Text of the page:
Syria’s chemical weapons shrouded in secrecy
WASHINGTON — Syria’s chemical weapons stockpile, which Damascus has acknowledged for the first time, is decades old and among the biggest in the Middle East, but experts are divided over its exact nature.
President Bashar al-Assad’s regime caused a global uproar Monday when it vowed to use its chemical weapons if attacked by outsiders, although not against its own people.
But public data about the stockpile is scarce, as Syria is one of the few countries that has not signed the Chemical Weapons Convention.
Damascus has however signed the Geneva protocol, which bars the first use of chemical and biological weapons, though it does not make stipulations about production, storage and transfer.
“We are closely following information about Syria… but we can’t say more without sending inspectors on the ground,” Michael Luhan, a spokesman for the Organization for the Prohibition of Chemical Weapons, told AFP.
Intelligence services also have little to say on the subject.
“Syria’s well-established chemical warfare program includes a stockpile of nerve agent, which can be delivered by aircraft or ballistic missiles,” Defense Intelligence Agency chief Lieutenant General Ronald Lee Burgess said in March 2011 testimony before a Senate panel.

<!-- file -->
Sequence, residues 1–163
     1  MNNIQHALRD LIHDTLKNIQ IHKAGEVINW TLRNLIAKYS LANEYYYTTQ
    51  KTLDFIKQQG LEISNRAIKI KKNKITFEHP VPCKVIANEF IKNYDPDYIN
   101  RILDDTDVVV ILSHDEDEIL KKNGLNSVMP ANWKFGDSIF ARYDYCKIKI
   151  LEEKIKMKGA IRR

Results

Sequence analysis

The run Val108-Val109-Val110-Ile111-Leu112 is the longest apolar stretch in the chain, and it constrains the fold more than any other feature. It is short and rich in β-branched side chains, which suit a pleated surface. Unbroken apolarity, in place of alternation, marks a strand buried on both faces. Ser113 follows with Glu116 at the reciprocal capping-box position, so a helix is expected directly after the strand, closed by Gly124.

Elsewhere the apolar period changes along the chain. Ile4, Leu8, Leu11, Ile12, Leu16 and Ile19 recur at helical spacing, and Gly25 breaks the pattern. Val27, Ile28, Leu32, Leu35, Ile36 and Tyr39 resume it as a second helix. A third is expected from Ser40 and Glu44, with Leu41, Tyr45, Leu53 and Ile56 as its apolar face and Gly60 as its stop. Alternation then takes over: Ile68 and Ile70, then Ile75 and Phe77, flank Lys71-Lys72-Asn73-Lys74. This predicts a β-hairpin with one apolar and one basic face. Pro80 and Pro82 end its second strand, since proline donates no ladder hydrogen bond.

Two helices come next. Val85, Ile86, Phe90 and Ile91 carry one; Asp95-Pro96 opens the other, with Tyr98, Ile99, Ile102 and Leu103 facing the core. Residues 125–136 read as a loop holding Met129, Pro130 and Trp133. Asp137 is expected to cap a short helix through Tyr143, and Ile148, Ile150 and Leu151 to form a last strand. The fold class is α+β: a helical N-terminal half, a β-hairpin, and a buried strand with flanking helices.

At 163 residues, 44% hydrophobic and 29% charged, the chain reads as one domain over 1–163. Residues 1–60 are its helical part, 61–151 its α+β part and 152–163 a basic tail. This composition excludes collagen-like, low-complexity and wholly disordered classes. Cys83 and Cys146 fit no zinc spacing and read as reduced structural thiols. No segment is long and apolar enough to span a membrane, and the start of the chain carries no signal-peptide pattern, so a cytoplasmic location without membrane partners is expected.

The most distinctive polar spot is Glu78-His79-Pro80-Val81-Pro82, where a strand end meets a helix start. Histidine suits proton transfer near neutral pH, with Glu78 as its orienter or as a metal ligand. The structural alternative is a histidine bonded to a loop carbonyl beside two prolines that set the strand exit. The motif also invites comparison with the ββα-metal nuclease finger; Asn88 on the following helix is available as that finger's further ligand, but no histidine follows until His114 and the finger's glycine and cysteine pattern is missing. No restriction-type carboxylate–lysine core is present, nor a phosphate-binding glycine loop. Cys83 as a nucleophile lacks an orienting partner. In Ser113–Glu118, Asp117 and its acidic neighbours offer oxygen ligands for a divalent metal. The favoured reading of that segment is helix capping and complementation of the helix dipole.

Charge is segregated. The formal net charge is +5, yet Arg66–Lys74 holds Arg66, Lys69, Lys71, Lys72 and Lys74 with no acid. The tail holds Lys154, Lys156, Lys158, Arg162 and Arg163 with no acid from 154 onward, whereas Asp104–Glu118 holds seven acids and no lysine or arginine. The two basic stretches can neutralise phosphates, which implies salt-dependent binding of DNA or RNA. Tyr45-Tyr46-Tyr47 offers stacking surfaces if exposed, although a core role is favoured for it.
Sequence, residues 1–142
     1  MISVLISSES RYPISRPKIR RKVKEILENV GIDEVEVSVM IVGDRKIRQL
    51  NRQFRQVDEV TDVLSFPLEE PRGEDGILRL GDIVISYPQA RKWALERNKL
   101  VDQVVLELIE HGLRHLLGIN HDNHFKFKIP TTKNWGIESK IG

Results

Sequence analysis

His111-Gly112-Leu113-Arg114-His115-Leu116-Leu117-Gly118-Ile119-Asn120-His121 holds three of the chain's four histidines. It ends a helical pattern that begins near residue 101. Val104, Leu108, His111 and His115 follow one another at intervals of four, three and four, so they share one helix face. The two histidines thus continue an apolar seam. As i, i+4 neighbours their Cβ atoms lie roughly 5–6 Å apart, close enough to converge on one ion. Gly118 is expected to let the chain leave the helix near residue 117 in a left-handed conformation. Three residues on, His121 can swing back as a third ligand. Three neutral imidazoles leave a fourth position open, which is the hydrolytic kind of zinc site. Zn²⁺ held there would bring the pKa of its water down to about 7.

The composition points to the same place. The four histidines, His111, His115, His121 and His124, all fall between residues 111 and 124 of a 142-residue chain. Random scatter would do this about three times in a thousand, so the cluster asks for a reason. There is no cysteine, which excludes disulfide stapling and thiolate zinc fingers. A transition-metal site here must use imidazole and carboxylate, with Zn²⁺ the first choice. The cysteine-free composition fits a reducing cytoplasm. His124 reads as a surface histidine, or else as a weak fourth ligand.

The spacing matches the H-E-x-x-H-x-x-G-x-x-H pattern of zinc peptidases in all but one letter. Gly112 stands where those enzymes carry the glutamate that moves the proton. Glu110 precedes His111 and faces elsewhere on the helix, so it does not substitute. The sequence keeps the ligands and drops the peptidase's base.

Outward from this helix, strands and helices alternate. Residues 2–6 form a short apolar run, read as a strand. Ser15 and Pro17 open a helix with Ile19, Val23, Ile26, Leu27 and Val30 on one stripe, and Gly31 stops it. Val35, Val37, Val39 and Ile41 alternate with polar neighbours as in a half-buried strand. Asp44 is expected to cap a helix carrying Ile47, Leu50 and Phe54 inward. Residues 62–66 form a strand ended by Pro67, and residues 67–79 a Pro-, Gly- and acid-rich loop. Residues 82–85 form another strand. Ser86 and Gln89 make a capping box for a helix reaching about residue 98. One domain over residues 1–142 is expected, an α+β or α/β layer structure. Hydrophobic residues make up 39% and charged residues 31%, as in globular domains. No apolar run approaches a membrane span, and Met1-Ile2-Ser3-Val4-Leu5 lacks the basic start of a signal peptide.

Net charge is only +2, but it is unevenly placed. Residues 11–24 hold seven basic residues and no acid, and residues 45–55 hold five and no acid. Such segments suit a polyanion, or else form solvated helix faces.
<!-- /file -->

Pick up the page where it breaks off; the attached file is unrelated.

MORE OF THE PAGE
“Syria continues to seek chemical warfare-related precursors and expertise from foreign sources.”
Syria is stockpiling “hundreds of tons” of various chemical agents, according to Leonard Spector of the Center for Nonproliferation Studies at the Monterey Institute of International Studies.
“Their panoply of chemical agents is quite robust,” said Olivier Lepick of the Foundation for Strategic Research think tank in Paris.
“They have successfully mastered the synthesis of organophosphorus compounds — the latest, most efficient and most toxic generation of chemical weapons.”
This family of compounds includes sarin and VX nerve agents, as well as older agents such as mustard gas, a mix of sulfur dioxide and ethylene.
Syria’s program was launched in the 1970s with help from Egypt and later from the former Soviet Union. In the 1990s, Russia lent a hand, followed by Iran since at least 2005, according to the independent Nuclear Threat Initiative.
The Scientific Research Council in Damascus appears to be directing the Syrian chemical weapons program, the NTI said.
The US Congressional Research Service pointed to accessible information suggesting that the production and storage of nerve gas and mustard gas is concentrated in and around the cities of Al-Safira (southeast of Aleppo), Damascus, Hama, Homs and Latakia.
Delivery vehicles include Scud ballistic missiles and launch systems, along with aerial bombs and shells, according to publicly-available information.
However, “there is not sufficient information in open sources to draw any conclusions about the security of Syria’s CW arsenal,” the NTI warned.